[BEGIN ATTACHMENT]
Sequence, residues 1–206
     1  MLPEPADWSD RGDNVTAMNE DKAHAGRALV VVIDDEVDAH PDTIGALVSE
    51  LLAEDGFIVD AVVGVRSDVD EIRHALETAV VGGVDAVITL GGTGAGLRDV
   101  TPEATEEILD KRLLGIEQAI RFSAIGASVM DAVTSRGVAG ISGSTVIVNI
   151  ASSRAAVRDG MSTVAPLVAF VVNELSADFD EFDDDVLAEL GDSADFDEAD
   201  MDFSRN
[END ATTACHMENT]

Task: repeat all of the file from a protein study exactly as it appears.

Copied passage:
Sequence, residues 1–206
     1  MLPEPADWSD RGDNVTAMNE DKAHAGRALV VVIDDEVDAH PDTIGALVSE
    51  LLAEDGFIVD AVVGVRSDVD EIRHALETAV VGGVDAVITL GGTGAGLRDV
   101  TPEATEEILD KRLLGIEQAI RFSAIGASVM DAVTSRGVAG ISGSTVIVNI
   151  ASSRAAVRDG MSTVAPLVAF VVNELSADFD EFDDDVLAEL GDSADFDEAD
   201  MDFSRN